My lecturer has written the following:(adsbygoogle = window.adsbygoogle || []).push({});

Given [itex] \frac{4 \pi \rho a^3 c^2 }{3}[/itex] and [itex] V = \frac{4 \pi a^3}{3} [/itex], then substituting [itex]\frac{dE}{dt} = -p\frac{dV}{dt}[/itex] we have:

[itex]\frac{d(\rho a^3)}{da} = -\frac{3pa^2}{c^2} \leq 0 [/itex] (1)

Ok that part is fine - substitute and use the chain rule:

So, if we assume [itex]p \geq 0 [/itex] we then see that:

[itex]d(\rho a^3)} \geq 0 [/itex] if [itex] da < 0[/itex] or [itex]d(\rho a^3)} \leq 0 [/itex] if [itex] da > 0[/itex]

I understand how he has got this inequality, simply working from the above inequality, however I'm a little unsure of what da actually represents here, it then goes on to say:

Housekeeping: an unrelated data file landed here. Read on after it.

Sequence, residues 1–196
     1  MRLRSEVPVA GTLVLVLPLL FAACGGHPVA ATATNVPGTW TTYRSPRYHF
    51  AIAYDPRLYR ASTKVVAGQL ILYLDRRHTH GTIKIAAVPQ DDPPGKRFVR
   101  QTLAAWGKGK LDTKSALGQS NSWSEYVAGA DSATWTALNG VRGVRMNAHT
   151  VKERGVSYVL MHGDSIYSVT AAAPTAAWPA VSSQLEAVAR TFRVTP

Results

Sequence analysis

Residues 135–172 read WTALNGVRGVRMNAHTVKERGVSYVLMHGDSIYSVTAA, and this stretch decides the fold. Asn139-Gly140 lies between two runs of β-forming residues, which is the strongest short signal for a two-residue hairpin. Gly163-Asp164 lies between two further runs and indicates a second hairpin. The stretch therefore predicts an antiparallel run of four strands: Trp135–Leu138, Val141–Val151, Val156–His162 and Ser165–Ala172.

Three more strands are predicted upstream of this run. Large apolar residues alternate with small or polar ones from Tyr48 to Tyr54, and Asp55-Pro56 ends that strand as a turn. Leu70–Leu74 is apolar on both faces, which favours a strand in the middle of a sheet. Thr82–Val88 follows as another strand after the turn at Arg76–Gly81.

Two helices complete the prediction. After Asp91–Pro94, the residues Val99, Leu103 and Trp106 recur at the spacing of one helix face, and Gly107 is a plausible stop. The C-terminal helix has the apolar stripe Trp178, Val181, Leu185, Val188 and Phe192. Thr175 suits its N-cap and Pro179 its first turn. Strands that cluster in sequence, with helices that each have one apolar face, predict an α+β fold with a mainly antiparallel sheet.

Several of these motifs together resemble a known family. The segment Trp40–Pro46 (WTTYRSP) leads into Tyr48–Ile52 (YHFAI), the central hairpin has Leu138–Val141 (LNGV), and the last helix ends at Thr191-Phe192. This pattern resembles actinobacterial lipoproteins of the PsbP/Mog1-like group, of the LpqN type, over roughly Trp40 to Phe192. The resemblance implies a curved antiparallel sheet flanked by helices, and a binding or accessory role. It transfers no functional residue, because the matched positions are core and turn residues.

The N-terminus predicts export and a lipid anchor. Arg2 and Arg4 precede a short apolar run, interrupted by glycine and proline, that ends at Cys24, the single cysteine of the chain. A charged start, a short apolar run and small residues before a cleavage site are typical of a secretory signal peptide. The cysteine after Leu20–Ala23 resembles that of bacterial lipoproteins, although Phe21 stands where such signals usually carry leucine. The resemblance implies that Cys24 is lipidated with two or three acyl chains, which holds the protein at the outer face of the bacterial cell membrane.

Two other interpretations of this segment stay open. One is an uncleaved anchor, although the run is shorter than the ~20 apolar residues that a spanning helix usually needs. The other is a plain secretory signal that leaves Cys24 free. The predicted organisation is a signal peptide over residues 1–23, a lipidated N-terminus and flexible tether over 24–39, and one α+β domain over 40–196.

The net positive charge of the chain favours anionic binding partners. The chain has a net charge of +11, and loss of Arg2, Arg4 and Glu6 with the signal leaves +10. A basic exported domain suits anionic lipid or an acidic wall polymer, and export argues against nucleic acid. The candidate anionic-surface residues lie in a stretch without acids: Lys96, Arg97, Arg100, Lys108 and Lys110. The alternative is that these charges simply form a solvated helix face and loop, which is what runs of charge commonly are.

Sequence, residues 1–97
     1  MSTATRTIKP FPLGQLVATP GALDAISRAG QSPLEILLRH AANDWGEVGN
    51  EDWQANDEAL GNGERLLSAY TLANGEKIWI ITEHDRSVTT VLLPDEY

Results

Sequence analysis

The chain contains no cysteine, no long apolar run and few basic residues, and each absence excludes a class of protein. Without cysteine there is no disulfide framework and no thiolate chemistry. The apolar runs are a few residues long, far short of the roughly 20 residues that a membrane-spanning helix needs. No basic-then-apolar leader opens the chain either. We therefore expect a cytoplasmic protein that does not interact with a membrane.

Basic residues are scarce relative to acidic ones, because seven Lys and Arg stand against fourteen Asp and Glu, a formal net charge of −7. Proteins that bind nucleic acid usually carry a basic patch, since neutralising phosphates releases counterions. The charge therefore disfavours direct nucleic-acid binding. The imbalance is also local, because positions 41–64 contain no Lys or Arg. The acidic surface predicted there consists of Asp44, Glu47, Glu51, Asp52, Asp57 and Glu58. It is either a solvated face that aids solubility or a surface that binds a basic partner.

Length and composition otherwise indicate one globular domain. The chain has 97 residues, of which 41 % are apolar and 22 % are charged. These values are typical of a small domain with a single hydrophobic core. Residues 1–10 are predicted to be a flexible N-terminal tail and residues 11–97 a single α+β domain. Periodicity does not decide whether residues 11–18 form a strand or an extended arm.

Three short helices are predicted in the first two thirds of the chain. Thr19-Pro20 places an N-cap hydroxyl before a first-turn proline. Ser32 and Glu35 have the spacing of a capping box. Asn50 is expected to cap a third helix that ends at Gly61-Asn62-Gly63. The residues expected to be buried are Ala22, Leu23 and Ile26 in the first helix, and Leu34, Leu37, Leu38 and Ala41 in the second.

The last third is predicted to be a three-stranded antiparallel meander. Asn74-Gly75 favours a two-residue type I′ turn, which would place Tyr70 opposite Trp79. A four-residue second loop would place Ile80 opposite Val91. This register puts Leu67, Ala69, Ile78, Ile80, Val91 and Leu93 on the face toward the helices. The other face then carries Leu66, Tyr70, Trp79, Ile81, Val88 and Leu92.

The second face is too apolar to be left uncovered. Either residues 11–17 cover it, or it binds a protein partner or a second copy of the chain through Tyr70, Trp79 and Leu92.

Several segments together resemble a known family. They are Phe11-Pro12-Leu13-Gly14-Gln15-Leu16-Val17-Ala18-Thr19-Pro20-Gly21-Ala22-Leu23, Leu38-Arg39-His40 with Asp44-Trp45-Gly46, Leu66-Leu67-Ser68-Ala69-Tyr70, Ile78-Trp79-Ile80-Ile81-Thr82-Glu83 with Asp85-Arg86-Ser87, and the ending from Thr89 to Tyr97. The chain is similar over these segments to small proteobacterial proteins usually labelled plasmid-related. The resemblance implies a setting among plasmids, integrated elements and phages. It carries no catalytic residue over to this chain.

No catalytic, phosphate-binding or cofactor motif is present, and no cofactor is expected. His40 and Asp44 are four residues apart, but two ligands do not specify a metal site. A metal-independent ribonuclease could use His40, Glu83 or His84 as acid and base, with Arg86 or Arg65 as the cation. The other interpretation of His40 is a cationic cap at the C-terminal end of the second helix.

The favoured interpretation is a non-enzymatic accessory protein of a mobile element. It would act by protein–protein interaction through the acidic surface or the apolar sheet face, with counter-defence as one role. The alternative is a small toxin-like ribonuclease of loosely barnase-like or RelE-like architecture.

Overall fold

From the first of the inequality, we see that as a decreases, [itex]\rho a^3[/itex] increases. In particular, [itex]\rho a^2[/itex] increases at least as fast as 1/a.

That is the bit I'm really struggling to get.

By the way, the he says that a is the scale factor and is a function of t only. He says it gives the "universal expansion rate" - I don't know if he means that it is the universal expansion rate, or just that you kind find the universal expansion rate from it. Either way I fail to see how it's a universal expansionratesince it is just a time dependent function and not a derivative itself.

So the way I interpret it as follows:

d(a(t)) = da/dt x dt - the total differential, qualitatively - to me this means the amount a changes when you make an infinitesimal change in t. So for da < 0, this means that as time goes on, the scale factor a is decreasing - the universal expansion is slowing?

So when he says "when a is decreasing" - he is using the first inequality - because da < 0 is the same as saying a is decreasing. So why does that mean [itex]\rho a^3[/itex] increases?

Any help is much appreciated guys, thanks.

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# Cosmology inequality that I'm struggling to make sense of

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